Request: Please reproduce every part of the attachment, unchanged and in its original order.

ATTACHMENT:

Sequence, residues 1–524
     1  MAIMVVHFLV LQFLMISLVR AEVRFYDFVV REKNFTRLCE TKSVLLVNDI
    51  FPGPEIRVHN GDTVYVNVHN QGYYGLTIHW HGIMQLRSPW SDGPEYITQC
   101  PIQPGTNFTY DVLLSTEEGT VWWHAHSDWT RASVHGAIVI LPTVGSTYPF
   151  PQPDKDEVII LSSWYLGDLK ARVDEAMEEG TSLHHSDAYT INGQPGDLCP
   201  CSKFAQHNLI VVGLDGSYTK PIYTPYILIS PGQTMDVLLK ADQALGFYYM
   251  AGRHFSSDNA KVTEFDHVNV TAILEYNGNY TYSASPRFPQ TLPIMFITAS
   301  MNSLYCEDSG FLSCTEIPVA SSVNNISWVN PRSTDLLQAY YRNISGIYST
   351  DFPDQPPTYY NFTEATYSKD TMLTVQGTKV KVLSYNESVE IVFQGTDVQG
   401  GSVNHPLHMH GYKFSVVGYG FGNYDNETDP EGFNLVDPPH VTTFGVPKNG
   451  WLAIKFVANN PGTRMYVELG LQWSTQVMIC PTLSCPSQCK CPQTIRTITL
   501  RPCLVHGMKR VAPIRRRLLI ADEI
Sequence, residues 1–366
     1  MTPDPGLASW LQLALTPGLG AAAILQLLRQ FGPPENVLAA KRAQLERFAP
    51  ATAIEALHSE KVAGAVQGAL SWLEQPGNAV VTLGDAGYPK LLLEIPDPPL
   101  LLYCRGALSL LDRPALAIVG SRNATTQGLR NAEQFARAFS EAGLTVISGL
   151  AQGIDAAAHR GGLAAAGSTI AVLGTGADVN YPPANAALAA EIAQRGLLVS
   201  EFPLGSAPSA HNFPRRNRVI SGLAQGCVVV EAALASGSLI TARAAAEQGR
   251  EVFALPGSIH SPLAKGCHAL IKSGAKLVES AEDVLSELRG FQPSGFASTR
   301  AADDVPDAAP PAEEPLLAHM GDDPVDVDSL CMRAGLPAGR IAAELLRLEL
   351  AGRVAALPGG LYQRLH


Sequence, residues 1–524
     1  MAIMVVHFLV LQFLMISLVR AEVRFYDFVV REKNFTRLCE TKSVLLVNDI
    51  FPGPEIRVHN GDTVYVNVHN QGYYGLTIHW HGIMQLRSPW SDGPEYITQC
   101  PIQPGTNFTY DVLLSTEEGT VWWHAHSDWT RASVHGAIVI LPTVGSTYPF
   151  PQPDKDEVII LSSWYLGDLK ARVDEAMEEG TSLHHSDAYT INGQPGDLCP
   201  CSKFAQHNLI VVGLDGSYTK PIYTPYILIS PGQTMDVLLK ADQALGFYYM
   251  AGRHFSSDNA KVTEFDHVNV TAILEYNGNY TYSASPRFPQ TLPIMFITAS
   301  MNSLYCEDSG FLSCTEIPVA SSVNNISWVN PRSTDLLQAY YRNISGIYST
   351  DFPDQPPTYY NFTEATYSKD TMLTVQGTKV KVLSYNESVE IVFQGTDVQG
   401  GSVNHPLHMH GYKFSVVGYG FGNYDNETDP EGFNLVDPPH VTTFGVPKNG
   451  WLAIKFVANN PGTRMYVELG LQWSTQVMIC PTLSCPSQCK CPQTIRTITL
   501  RPCLVHGMKR VAPIRRRLLI ADEI
Sequence, residues 1–366
     1  MTPDPGLASW LQLALTPGLG AAAILQLLRQ FGPPENVLAA KRAQLERFAP
    51  ATAIEALHSE KVAGAVQGAL SWLEQPGNAV VTLGDAGYPK LLLEIPDPPL
   101  LLYCRGALSL LDRPALAIVG SRNATTQGLR NAEQFARAFS EAGLTVISGL
   151  AQGIDAAAHR GGLAAAGSTI AVLGTGADVN YPPANAALAA EIAQRGLLVS
   201  EFPLGSAPSA HNFPRRNRVI SGLAQGCVVV EAALASGSLI TARAAAEQGR
   251  EVFALPGSIH SPLAKGCHAL IKSGAKLVES AEDVLSELRG FQPSGFASTR
   301  AADDVPDAAP PAEEPLLAHM GDDPVDVDSL CMRAGLPAGR IAAELLRLEL
   351  AGRVAALPGG LYQRLH